Monday, January 29, 2007

Holocaust Remembrance Day: Remember, Reflect, Resolve

On November 1, 2005, the United Nations General Assembly unanimously adopted a resolution introduced by Israel and set aside January 27 of each year as Holocaust Remembrance Day. This date marks the liberation of Auschwitz-Birkenau which was the largest Nazi concentration camp. In adopting the resolution, the assembly urged the nations of the world to observe the day so that future generations will be spared acts of genocide.

The United Nations resolution also rejects denial of the Holocaust in full or in part and condemns without reserve discrimination any violence based on ethnicity or religion. The assembly also requested United Nations Secretary-General Kofi Anan to establish an outreach program on the "Holocaust and the United Nations" as well as measures to mobilize civil society for Holocaust remembrance and education.

In an atrocity unparalleled in evil and scope, six million Jews died at the hands of the Nazis during the Holocaust. Between 1940 and 1945, about 1.5 million men, women and children died at the Auschwitz-Birkenau camp.

Elie Wiesel, a survivor of Auschwitz, is the author of 36 works dealing with Judaism, the Holocaust and the moral responsibility of all people to fight hatred, racism and genocide. In his book, Night, one of the most profound and renowned works of Holocaust literature, Wiesel records his lifelong personal anguish with the Holocaust:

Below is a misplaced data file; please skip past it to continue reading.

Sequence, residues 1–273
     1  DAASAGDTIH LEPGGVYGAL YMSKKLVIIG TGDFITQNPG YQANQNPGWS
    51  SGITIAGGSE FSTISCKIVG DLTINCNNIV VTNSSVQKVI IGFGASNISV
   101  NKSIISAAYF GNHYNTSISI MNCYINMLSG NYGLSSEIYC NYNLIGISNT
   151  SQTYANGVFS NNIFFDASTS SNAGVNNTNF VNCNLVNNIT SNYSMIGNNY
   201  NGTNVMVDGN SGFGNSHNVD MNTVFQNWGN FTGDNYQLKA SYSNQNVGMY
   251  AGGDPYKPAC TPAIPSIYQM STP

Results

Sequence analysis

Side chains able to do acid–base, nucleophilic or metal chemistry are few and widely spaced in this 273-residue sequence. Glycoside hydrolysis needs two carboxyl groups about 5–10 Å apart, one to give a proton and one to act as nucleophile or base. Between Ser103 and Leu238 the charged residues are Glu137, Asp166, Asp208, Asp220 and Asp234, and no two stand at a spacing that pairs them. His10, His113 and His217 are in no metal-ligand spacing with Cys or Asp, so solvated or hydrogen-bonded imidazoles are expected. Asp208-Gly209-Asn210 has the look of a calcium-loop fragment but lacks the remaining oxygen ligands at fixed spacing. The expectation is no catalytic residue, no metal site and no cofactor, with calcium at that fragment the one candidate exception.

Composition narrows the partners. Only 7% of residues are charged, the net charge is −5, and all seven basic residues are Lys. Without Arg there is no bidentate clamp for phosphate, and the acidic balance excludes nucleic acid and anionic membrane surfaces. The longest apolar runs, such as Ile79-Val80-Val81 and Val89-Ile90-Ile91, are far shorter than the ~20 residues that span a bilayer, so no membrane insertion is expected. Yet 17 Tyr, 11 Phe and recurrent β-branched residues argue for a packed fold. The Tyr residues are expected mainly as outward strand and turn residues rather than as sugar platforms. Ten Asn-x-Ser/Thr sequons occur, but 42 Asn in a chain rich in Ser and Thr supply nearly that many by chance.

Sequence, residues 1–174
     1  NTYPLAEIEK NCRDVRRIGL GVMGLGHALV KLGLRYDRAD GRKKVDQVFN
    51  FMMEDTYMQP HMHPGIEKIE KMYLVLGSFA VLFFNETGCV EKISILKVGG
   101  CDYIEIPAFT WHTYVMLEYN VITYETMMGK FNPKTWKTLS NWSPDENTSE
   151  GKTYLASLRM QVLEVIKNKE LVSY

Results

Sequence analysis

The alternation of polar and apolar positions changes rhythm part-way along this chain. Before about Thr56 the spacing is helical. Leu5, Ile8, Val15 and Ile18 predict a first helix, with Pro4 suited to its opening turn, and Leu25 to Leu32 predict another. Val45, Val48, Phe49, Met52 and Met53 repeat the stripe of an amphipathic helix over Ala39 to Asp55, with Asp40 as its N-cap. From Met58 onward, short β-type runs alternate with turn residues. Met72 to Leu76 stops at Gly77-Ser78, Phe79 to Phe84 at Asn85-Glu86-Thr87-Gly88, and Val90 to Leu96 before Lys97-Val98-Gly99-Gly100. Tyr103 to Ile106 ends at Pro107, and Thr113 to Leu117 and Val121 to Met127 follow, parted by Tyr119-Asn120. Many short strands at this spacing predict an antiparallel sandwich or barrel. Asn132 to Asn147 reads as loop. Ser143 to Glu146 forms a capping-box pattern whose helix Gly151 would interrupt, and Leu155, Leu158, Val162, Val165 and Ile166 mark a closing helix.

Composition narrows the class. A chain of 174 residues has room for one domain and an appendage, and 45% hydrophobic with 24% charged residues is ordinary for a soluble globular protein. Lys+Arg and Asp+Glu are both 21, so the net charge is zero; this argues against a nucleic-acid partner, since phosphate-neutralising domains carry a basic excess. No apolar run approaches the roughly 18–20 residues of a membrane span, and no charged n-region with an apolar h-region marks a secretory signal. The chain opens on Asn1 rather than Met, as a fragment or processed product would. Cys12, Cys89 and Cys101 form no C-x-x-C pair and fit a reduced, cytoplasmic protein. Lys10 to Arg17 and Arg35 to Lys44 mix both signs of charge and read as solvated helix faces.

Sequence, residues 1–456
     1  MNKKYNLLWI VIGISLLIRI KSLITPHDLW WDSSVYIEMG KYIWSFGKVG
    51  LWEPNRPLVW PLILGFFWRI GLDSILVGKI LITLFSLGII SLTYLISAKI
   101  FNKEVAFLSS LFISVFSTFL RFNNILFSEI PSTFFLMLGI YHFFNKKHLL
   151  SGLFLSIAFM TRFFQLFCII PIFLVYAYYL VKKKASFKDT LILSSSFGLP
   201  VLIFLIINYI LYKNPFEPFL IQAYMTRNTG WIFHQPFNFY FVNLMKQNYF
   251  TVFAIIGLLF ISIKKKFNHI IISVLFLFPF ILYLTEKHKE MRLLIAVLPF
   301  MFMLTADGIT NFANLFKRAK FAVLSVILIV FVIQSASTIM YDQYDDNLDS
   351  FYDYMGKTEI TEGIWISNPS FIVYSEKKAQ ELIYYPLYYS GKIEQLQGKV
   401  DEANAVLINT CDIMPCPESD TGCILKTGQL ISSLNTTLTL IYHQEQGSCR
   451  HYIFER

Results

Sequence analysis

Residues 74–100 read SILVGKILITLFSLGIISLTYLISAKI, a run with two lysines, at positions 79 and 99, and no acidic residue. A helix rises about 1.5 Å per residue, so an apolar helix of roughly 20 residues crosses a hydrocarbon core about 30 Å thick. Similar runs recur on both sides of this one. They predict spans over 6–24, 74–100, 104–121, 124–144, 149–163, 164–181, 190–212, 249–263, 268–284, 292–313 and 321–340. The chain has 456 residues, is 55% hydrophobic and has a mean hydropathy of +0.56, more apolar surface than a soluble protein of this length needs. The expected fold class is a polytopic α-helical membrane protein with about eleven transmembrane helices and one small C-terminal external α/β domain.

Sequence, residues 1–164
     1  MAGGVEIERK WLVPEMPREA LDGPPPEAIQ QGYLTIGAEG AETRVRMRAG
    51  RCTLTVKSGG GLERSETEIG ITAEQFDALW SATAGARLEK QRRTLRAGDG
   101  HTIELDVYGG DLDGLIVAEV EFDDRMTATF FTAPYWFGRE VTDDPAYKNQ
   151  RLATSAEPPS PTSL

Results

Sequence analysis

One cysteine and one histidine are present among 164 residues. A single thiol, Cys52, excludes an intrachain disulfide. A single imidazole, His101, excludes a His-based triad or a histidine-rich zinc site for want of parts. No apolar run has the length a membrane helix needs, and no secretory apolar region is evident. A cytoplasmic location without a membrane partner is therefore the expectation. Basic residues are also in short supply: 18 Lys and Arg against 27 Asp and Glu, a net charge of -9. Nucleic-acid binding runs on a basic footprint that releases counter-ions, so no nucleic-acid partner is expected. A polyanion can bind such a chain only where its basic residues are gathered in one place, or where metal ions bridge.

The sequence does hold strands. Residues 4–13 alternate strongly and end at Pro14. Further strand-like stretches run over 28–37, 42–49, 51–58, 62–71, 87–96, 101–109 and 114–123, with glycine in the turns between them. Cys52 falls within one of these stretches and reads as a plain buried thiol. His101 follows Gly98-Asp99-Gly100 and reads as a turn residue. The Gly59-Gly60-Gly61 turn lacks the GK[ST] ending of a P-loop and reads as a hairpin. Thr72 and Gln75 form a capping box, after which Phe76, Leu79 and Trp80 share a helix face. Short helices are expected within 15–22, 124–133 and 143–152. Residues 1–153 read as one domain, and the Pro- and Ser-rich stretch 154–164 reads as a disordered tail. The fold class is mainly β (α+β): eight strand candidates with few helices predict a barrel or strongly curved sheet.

"Never shall I forget that night, the first night in camp, which has turned my life into one long night, seven times cursed and seven times sealed. Never shall I forget that smoke. Never shall I forget the little faces of the children, whose bodies I saw turned into wreaths of smoke beneath a silent blue sky. Never shall I forget those flames which consumed my faith forever. Never shall I forget that nocturnal silence which deprived me, for all eternity, of the desire to live. Never shall I forget those moments which murdered my God and my soul and turned my dreams to dust. Never shall I forget these things, even if I am condemned to live as long as God Himself. Never."
United States
Holocaust Memorial Museum
Click here to visit site
Interactive Map of Auschwitz
Click here to visit site

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